Previous trials have generally shown disappointing results with regards to treatment of underlying enteropathy in children with malnutrition, although interpretation of trial results is partly hindered by the absence of well-validated markers. Trehan and others77 conducted a double-blind, placebo-controlled trial of rifaximin, a non-absorbable antibiotic, in 3–5 year old rural Malawian children with EE. After 7 days of rifaximin or placebo, administered under direct observation of study staff, intestinal permeability as measured by the L/M ratio was not significantly different between groups, although no measures of MT were untaken in this study. The same research group undertook a trial of the probiotic Lactobacillus GG in rural Malawi, but again demonstrated no difference in intestinal integrity between groups after 30 days of probiotic or placebo.78 A probiotic and prebiotic functional food, given to Malawian children with SAM following stabilization, showed no improvement in nutritional cure compared with control.79 However, this does not necessarily imply that these approaches are futile. Choice of antibiotic/probiotic, treatment duration, age group, and primary outcome may all impact results, and some of these strategies should continue to be explored in future trials.

Several trials in HIV-infected individuals are investigating strategies to target enteropathy and reduce immune activation. One trial (NCT01090102) is using 5-aminosalicylic acid, an oral anti-inflammatory agent widely used in inflammatory bowel disease, to reduce enteric inflammation. Other trials are aiming to reduce MT, using either probiotics (NCT01184456), a prebiotic/probiotic mixture (NCT00688311), or the non-absorbed antibiotic rifaximin (ACTG trial 5286). It is hoped that results of these trials will clarify the role of enteropathy in HIV infection and may inform choice of adjunctive therapies, particularly for HIV-infected individuals with poor immunologic response to ART, in whom residual immune activation is known to be contributory.50

Next Steps

There is a fundamental need to better understand the basic science underlying enteropathies. The interaction between enterocytes, pathogens, and the mucosal immune system is likely to be critical in development and resolution of enteropathy. It is also becoming apparent that the intestinal microbiota has a profound impact on gut structure and function and nutritional status. Developments in high-throughput sequencing and gnotobiotic mouse models now enable characterization of the composition and function of gut microbial communities.80 Food type and nutrient load both impact the gut microbiota; conversely, changes in the gut microbiota impact nutrient use and energy balance.80 Transfer by gavage of the microbiota from a child with SAM into a gnotobiotic mouse causes malnutrition in the animal, and therapeutic feeding causes shifts in the composition and functional profile of the gut microbial community, demonstrating the bidirectional interaction between the microbiota and nutritional status.81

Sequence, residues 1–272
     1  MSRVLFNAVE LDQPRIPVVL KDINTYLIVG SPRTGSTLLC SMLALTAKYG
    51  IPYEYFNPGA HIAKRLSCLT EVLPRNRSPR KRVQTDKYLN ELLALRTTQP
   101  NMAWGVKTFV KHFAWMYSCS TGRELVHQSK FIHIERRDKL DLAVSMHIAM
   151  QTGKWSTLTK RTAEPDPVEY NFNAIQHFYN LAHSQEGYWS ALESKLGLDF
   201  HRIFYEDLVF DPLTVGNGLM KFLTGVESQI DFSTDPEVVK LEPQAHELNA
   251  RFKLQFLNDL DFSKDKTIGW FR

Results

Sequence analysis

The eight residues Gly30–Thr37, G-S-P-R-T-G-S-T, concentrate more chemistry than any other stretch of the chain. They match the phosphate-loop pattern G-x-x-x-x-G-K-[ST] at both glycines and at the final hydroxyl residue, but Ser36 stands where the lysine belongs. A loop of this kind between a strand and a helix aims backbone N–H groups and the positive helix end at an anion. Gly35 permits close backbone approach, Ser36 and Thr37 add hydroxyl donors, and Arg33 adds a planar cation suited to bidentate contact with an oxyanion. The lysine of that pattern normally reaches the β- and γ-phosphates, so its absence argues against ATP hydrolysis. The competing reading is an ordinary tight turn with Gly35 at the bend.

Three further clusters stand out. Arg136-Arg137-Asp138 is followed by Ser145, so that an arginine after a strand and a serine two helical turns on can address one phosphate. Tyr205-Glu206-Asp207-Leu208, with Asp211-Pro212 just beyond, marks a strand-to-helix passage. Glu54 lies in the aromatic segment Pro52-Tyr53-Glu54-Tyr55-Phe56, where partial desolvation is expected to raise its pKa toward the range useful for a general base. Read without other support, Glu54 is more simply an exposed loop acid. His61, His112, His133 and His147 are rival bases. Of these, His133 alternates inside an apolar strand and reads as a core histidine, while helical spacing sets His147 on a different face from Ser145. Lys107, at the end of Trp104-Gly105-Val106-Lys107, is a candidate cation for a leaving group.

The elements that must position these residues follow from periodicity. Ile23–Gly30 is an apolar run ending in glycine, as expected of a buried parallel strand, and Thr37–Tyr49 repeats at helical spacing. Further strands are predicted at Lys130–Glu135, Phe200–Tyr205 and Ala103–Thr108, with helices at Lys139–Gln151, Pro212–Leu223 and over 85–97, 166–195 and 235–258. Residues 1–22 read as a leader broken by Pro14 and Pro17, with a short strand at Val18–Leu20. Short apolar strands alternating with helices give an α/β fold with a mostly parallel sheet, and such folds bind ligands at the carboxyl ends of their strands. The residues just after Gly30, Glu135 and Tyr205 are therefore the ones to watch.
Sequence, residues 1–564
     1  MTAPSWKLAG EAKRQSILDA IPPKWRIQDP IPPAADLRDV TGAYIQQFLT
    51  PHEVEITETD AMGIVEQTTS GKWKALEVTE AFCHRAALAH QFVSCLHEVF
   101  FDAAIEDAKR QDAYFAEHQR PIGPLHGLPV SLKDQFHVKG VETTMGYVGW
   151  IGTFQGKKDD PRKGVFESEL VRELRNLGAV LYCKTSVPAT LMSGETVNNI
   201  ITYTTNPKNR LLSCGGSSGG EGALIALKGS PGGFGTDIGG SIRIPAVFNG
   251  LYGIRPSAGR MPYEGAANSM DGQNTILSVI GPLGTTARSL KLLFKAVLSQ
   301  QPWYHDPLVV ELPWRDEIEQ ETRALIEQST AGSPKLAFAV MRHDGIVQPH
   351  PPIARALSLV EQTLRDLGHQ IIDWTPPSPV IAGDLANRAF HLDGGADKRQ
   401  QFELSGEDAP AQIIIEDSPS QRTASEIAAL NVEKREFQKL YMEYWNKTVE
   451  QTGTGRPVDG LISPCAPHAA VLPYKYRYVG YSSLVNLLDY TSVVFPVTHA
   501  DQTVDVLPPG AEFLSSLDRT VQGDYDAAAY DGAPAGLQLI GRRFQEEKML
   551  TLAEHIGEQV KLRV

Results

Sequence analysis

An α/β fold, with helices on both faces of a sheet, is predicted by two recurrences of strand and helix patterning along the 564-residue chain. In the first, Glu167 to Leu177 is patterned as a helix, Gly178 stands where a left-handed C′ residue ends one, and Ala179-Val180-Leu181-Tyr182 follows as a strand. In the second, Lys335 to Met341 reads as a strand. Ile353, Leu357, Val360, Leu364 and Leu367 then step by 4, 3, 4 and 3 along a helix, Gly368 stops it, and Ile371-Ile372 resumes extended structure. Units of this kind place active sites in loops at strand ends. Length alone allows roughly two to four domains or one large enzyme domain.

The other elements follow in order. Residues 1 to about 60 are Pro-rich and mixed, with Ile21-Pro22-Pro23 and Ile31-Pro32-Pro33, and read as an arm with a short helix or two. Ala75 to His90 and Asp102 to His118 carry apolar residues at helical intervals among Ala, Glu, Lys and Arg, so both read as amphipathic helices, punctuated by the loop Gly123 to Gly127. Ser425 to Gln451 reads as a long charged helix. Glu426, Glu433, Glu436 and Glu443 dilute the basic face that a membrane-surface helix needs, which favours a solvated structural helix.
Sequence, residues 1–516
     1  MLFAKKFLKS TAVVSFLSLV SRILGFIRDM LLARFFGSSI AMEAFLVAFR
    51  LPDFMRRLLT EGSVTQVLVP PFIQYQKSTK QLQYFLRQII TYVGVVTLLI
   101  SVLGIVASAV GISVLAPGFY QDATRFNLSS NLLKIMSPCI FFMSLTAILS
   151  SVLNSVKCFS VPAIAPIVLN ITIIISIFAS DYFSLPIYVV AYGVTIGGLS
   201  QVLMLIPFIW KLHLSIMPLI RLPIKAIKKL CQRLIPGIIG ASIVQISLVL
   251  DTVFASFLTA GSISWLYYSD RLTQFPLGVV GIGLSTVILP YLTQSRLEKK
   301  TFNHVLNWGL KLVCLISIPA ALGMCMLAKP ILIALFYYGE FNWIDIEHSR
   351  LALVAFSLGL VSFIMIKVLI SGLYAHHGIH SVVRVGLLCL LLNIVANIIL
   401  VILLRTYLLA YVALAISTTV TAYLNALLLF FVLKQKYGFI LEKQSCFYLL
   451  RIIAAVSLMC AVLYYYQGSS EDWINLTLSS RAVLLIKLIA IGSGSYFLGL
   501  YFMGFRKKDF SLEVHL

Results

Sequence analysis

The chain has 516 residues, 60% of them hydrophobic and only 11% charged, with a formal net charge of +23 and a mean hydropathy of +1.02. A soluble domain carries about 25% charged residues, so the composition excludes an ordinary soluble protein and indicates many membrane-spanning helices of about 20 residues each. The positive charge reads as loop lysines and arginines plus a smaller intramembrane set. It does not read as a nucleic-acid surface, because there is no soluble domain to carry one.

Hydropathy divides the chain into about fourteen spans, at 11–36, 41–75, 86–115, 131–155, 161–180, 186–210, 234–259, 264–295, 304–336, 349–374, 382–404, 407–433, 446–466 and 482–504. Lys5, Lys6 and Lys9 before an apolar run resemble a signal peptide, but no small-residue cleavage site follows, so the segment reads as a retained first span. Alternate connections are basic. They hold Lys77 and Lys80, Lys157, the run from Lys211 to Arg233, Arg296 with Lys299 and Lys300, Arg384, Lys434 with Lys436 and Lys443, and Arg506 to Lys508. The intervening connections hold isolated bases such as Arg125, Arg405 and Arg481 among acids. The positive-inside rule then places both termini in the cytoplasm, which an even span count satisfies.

In summary, there is a strong rationale for developing interventions that prevent or ameliorate enteropathy, with the aim of reducing stunting, anemia, malnutrition, and improving HIV disease outcome. Such interventions have the potential to improve the health of millions of people in developing countries, especially among children < 5 years of age, who are most affected by the overlapping epidemics of stunting, malnutrition, and HIV.

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Author Notes

*Address correspondence to Andrew Prendergast, Centre for Paediatrics, Blizard Institute, Newark Street, London E1 2AT, UK. E-mail: a.prendergast@qmul.ac.uk

Authors' addresses: Andrew Prendergast, Centre for Paediatrics, Blizard Institute, Queen Mary University of London, UK, E-mail: a.prendergast@qmul.ac.uk. Paul Kelly, Centre for Digestive Diseases, Blizard Institute, Queen Mary University of London, UK, E-mail: m.p.kelly@qmul.ac.uk.